Cambridge Analytica hits back after Channel 4 undercover report

Cambridge Analytica has hit back at an undercover British television report showing senior executives talking to reporters posing as potential clients about bribes, honey traps and how the company allegedly obtains and distributes damaging material on political opponents.

The Channel 4 report is “edited and scripted to grossly misrepresent the nature of those conversations and how the company conducts its business,” Cambridge Analytica said in a statement to CNN on Monday.

Cambridge Analytica is the controversial data firm that worked for Donald Trump’s presidential campaign. The company reportedly harvested data from 50 million Facebook users, and is currently under investigation by the United Kingdom’s Information Commissioner’s Office for “the acquisition and use” of that data.

Beyond reportedly harvesting user data, Cambridge Analytica is now under fire for other alleged campaign tactics highlighted in the Channel 4 report.

Channel 4 secretly recorded the company’s chief executive Alexander Nix telling undercover reporters posing as prospective Sri Lankan clients that the company could entrap politicians in compromising situations.

cambridge analytica alexander nix Alexander Nix is Cambridge Analytica’s chief executive.

When asked about getting damaging material on opponents, Nix said the company could “send some girls around to the candidate’s house.”

The undercover reporter then asked, “… you’re using the girls for this, like the seduction, they’re not local girls? Not Sri Lankan girls?”

Nix said no. “Just saying we could bring some Ukranians in,” he said, adding “they are very beautiful, I find that works very well.”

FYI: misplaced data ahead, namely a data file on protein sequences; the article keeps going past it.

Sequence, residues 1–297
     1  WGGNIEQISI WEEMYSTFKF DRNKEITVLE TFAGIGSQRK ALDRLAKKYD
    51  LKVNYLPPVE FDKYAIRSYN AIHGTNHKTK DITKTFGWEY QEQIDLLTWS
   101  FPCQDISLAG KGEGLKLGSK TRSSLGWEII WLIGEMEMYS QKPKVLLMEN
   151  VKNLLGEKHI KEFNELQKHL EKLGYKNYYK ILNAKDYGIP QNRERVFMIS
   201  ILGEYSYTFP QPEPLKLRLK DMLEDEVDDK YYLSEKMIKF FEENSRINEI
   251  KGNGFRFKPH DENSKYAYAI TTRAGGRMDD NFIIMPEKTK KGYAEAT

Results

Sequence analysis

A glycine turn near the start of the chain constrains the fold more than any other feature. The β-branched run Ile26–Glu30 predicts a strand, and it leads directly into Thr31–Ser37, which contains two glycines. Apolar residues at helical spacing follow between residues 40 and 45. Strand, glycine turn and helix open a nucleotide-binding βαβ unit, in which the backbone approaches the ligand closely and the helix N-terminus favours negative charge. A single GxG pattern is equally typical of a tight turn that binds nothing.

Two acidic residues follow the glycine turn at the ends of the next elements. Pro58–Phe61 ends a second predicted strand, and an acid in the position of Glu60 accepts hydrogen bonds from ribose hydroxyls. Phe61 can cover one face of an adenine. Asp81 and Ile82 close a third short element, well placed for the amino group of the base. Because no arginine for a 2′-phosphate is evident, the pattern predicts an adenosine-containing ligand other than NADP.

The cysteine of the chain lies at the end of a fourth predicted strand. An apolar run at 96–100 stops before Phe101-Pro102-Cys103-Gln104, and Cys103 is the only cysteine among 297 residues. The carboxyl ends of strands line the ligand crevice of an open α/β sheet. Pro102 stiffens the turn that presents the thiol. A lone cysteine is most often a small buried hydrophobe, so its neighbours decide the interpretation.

Nix also said Cambridge Analytica could send someone posing as a wealthy developer to Sri Lanka to bribe politicians, film the encounter “and then post it on the internet.”

It is illegal in the United States and the United Kingdom to bribe public officials. Cambridge Analytica is registered in the United States and operates in the United Kingdom.

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Cambridge Analytica said in a statement that Nix and the executives were humoring the undercover reporters posing as prospective clients, and when the conversation turned toward practices such as corruption and entrapment, the executives did not meet with them again.

The statement also includes an admission from Nix that he may have misjudged the situation.

“In playing along with this line of conversation, and partly to spare our ‘client’ from embarrassment, we entertained a series of ludicrous hypothetical scenarios,” Nix said.

“I am aware how this looks, but it is simply not the case. I must emphatically state that Cambridge Analytica does not condone or engage in entrapment, bribes or so-called ‘honeytraps’, and nor does it use untrue material for any purpose,” he said.

— CNN’s Vasco Cotovio contributed to this report.

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